Fast-growing Norwegian Air Shuttle is planning to launch non-stop scheduled flights to New York from Oslo and Stockholm in the spring of 2013 with Boeing 787s and will offer introductory round-trip fares from Scandinavia of NOK2,000 ($355) on the routes, inclusive of taxes.
Low-cost carrier Norwegian Air Shuttle, which is based at Fornebu (formerly the site of Oslo’s main airport) and does business simply as ‘Norwegian’, plans to begin selling the introductory fares about 300 days in advance of beginning its Oslo-New York and Stockholm-New York services. Since Norwegian hopes to begin serving New York in spring 2013, it expects to begin selling tickets for the routes in 2012, spokespeople for the airline confirm.
According to a spokesman for Norwegian, the airline hopes to begin services to New York from both Oslo and Stockholm at about the same time. Initially, however, Norwegian will not operate flights to New York from each city on a daily basis, because it won’t have enough Boeing 787s in its fleet to offer daily services from both destinations. Eventually Norwegian does hope to offer daily services from both Oslo and Stockholm to New York, the spokesman says.
Norwegian is due to take delivery of one leased Boeing 787-8 from leasing company International Lease Finance Corp (ILFC) in late 2012 and one in early 2013 and is also due to receive in the first half of 2013 the first two of three 787-8s it has on order from Boeing. Norwegian is also scheduled to receive one Boeing 787 in 2014 (also leased from ILFC) and is due to take the remaining 787 from its own order in 2015. Norwegian secured early Boeing 787 delivery positions by agreeing with Icelandair in June to take over the Reykjavik-based carrier’s order for three aircraft.
A spokeswoman for Norwegian explain that, depending on when the carrier actually does receive its first 787, it could either begin long-haul non-stop services first to Bangkok – the other destination the carrier has identified as a key long-haul market for its low-fare services from Oslo and Stockholm – or to New York. Much depends on how well Boeing keeps to its latest planned delivery schedule for the 787, which has encountered unprecedented production delays throughout its development.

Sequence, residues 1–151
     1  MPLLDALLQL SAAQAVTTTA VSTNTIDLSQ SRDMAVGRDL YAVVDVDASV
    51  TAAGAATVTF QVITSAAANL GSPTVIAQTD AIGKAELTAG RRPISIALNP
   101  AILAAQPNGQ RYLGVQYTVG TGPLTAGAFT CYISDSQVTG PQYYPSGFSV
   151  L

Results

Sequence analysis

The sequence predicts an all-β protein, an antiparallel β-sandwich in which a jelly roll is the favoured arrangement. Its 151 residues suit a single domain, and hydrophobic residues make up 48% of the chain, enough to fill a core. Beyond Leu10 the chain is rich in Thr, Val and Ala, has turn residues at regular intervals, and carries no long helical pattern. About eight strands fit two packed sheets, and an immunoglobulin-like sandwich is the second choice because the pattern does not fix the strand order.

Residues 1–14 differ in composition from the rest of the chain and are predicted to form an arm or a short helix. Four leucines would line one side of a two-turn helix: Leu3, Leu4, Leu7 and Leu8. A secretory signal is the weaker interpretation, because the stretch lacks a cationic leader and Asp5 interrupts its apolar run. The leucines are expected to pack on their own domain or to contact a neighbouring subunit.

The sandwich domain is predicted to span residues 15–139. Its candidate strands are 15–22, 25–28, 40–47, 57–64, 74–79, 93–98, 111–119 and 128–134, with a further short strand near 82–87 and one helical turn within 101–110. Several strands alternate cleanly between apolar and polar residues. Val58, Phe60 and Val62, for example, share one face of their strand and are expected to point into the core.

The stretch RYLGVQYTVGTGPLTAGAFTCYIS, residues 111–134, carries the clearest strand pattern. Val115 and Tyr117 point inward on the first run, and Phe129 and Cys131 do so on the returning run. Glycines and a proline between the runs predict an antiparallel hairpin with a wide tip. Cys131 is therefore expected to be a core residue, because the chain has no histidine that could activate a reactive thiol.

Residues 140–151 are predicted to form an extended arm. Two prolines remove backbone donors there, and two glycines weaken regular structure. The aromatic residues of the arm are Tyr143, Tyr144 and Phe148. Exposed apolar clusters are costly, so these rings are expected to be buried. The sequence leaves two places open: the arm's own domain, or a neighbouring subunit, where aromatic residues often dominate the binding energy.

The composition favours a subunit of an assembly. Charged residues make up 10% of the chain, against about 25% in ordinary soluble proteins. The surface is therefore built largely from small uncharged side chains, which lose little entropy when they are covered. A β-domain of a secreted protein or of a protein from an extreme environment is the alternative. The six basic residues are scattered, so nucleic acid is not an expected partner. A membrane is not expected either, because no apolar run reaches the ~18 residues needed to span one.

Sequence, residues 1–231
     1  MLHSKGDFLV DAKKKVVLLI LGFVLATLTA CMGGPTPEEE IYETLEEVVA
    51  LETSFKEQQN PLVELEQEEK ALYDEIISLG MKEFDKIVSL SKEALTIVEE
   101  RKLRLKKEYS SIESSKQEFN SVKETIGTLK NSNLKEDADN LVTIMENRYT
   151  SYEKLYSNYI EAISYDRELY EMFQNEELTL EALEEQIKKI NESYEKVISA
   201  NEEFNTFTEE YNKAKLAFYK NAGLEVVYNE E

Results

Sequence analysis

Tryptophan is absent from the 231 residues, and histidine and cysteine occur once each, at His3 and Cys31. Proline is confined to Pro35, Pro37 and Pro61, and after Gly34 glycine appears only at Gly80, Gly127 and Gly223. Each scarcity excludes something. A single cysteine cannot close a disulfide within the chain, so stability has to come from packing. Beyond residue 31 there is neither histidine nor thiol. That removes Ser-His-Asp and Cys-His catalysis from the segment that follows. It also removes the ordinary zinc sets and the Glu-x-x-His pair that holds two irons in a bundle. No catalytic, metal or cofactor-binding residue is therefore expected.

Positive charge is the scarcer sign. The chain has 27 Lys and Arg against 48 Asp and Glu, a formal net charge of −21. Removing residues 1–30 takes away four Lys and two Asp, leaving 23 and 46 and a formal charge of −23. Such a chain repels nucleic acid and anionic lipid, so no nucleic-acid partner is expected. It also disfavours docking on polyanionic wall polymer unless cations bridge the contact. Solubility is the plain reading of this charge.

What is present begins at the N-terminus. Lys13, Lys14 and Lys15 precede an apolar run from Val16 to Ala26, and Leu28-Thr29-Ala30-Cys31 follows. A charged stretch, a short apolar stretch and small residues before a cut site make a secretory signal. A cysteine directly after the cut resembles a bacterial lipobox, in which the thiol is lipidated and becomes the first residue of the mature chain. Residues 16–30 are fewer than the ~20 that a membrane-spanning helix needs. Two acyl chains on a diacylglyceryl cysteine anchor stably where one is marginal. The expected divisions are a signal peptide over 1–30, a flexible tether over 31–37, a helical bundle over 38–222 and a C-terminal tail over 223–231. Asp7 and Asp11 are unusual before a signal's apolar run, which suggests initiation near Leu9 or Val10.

Bangkok is more of a winter-season destination for travelers from the Nordic countries, whereas New York is more of a spring and summer destination, the spokeswoman explains. Accordingly, if Norwegian does receive its first Boeing 787-8 in late 2012 as planned, it is likely to start service first to Bangkok. If the first aircraft is delivered in early 2013, Norwegian is more likely to start service first to New York.
Since Norwegian Air Shuttle is based in Norway, flies much of its network from and within the Nordic countries and has a strong following among Nordic travelers, the carrier initially expects to attract most of its New York long-haul passengers from Norway, Sweden and other Nordic and Scandinavian countries.
“But it is equally important for us to attract American travelers,” says the spokeswoman, noting that travelers from any country are attracted by low fares.
In addition to the low fares it plans to offer, Norwegian sees its strong network of routes throughout the Nordic countries, Scandinavia and Europe as a strong selling point in attracting U.S.-originating passengers. The airline already operates a substantial fleet of Boeing 737-800s and 737-300s on 261 routes linking more than 100 destinations throughout Europe.
The spokeswoman notes that, as long as Norwegian’s fares are competitive, it is as easy for U.S. passengers to connect to other European destinations from modern and uncongested Oslo Airport Gardermoen and Stockholm-Arlanda Airport as it is for them to connect from major, congested hubs such as London Heathrow, Frankfurt and Paris Charles de Gaulle.
By the end of 2012 new Boeing 737-800s will replace the 11 737-300s which Norwegian now has in service. The carrier has ordered a total of 78 Boeing 737-800s directly from the manufacturer (along with options on up to 27 more) and also operates as many as 26 leased 737-800s. Along with the deliveries of its Boeing 787s, the rapid build-up of its fleet of new Boeing 737-800s will give Norwegian one of the youngest fleets of any airline in the world.
Norwegian has no plans as yet to announce long-haul service to or from any other destinations but the spokeswoman notes the aircraft has the range to fly non-stop from Scandinavia to destinations such as Cape Town, Hawaii and Rio de Janeiro. Meanwhile, the spokesman for Norwegian says Copenhagen could prove an attractive airport from which to offer 787 service.
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